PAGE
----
3. The Mamata Rettinchina varna is in Devakriya of the Dikshitar school under Kedaragaula mela, to clarify. Also the MMG varna , is apparently on Vaidyanathesvara of Vedapuri. I guess Vedapuri is synonymous with Vaideesvaran Kovil. In which case the varna may be of a composition of Chinnatambi Pillai's ancestor & MD's shishya Tiruvarur Ramasvami Pillai who became a ascetic/recluse and retired to Vaideesvaran Kovil & died there. And this explains how this varna came into the temple repertoire of Tiruvarur. Thus (Y)elanamne alone is clearly attributable to Ramsvami Dikshitar and the diety at Tiruvarur.

5. As Prof SRJ would put it, the varnas should be labelled as cauka varnas rather than pada varnas. Cauka varna is the term that SD also employs in the SSP.

6. Just to let know the forummers here that Chinnatambi Pillai was made to perform in the MA due to the efforts of Dr V Raghavan, Dr T S Ramakrishnan & a few other.

Raviraj
Last edited by raviraj on 02 Sep 2008, 16:49, edited 1 time in total.
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raviraj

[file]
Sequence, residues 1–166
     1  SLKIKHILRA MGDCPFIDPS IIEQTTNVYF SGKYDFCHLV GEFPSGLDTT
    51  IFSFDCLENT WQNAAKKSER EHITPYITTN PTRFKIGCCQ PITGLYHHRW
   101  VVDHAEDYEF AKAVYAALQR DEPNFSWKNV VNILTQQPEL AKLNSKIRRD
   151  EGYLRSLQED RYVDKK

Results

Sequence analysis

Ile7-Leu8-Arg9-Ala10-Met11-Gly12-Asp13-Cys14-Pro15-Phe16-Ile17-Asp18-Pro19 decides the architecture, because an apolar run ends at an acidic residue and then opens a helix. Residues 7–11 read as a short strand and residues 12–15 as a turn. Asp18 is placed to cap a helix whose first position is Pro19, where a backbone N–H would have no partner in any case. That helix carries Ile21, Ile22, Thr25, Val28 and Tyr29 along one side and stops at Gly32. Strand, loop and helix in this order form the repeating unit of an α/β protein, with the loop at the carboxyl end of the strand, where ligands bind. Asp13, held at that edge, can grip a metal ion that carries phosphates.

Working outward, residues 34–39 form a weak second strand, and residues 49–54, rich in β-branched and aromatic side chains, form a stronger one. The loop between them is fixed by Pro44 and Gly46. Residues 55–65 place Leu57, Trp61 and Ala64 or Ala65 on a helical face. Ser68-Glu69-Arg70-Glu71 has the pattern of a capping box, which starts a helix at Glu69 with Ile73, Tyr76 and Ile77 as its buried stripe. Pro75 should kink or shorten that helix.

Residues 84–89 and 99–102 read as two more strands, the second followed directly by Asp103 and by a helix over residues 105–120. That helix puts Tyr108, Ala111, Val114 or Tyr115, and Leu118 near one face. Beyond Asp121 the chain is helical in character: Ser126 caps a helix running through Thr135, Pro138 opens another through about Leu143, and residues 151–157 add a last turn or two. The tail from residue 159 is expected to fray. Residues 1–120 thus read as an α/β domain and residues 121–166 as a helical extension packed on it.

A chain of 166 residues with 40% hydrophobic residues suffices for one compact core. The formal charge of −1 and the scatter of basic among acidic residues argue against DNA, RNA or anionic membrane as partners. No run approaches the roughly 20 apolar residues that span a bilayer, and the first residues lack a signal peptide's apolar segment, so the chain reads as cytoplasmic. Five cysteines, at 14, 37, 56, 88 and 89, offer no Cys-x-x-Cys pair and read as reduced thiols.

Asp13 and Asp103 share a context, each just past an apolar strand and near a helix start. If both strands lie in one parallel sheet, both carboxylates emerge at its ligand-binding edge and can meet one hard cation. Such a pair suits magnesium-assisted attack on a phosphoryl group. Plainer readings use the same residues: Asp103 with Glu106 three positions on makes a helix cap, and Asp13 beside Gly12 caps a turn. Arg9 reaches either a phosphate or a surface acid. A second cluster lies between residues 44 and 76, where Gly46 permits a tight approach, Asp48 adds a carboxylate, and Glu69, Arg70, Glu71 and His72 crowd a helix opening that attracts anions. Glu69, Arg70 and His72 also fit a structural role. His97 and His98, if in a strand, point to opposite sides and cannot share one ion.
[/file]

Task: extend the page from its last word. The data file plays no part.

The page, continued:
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#5

Post by raviraj » 02 Sep 2008, 16:47

To add:

A sampling of Tiruvarur of the days bygone and how the musical landscape was then , is pictured by Kothamangalam Subbu in his classic novel "Tillana Mohanambal", which is available in print in Tamil. Compositions including SD's Khamas piece-de-resistance " Entaninne Delpudura" find mention in the proceedings.

Chinnatambi Pillai belonged to that musical dynasty of Tiruvarur nainadiyargal who were rivaled only the dynasty of Gangaimuthu Nattuvanar - ancestor of Tanjore quartet and Tambiappan Pillai. They were uncherished , unwept & unsung and have been consigned to the dustbins of history.

Raviraj
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arasi